BR arm may try to avoid legal bill

CHRISTIAN WOLMAR

BR Research, the former research arm of British Rail, is due to be sold off in the next nine months but faces a legal action from a quarrying company over the failure of a bogey designed for a wagon carrying stone.

An internal memo by Clifford Chance, the City solicitors which is handling the privatisation for British Rail, reveals BR Research is anxious that liability for any legal action should "stay with the board" and not transfer to the new company. BR Research, which employs 380 people and is based in Derby, may have a turnover of more than pounds 20m when it becomes privatised.

The Low Track Force wagon was designed to allow each wagon to carry higher loads. BR Research passed on the design to the Gloucester Carriage Company, which provided the stone wagons to ARC, the Somerset-based quarrying company.

It bought 145 of the wagons, costing pounds 70,000 each, but a series of derailments led to them being withdrawn. ARC was then forced to lease smaller wagons and, according to the memo, "ARC lost millions of pounds and it is possible that ARC will seek damages with BR Research being joined as a third party to any action".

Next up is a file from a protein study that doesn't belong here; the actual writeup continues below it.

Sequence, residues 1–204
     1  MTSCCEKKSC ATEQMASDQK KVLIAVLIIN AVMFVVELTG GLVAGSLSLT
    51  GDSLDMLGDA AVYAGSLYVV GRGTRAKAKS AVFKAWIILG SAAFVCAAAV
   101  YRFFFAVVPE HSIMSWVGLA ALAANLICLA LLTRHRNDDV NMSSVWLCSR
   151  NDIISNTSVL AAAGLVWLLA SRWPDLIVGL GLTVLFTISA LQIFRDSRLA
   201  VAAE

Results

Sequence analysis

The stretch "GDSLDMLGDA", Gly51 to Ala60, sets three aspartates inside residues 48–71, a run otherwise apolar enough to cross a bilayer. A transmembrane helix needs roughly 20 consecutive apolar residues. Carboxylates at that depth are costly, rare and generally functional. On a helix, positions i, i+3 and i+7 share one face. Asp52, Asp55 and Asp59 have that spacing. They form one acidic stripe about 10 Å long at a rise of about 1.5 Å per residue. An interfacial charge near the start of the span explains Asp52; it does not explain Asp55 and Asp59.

The memo suggests that any other liabilities "that may arise as a result of impending litigation" should be excluded from the terms of sale.

The matter raises a much larger doubt over the sell-off of British Rail. While intellectual property rights may form a large part of the value of the new companies, failings in research may lead to litigation. If other sales of former British Rail sections are conducted on the same basis as that proposed for BR Research, taxpayers may face litigation while the new owners of the companies face no risk.

A BR insider said: "We do try to palm off the risk if we can. But if they spot the problems, we have to reach a compromise."

Michael Meacher, Labour's transport spokesman, said: "It is outrageous that taxpayers should be stuck with a large bill while the company is sold off and its shareholders are allowed to make large profits."

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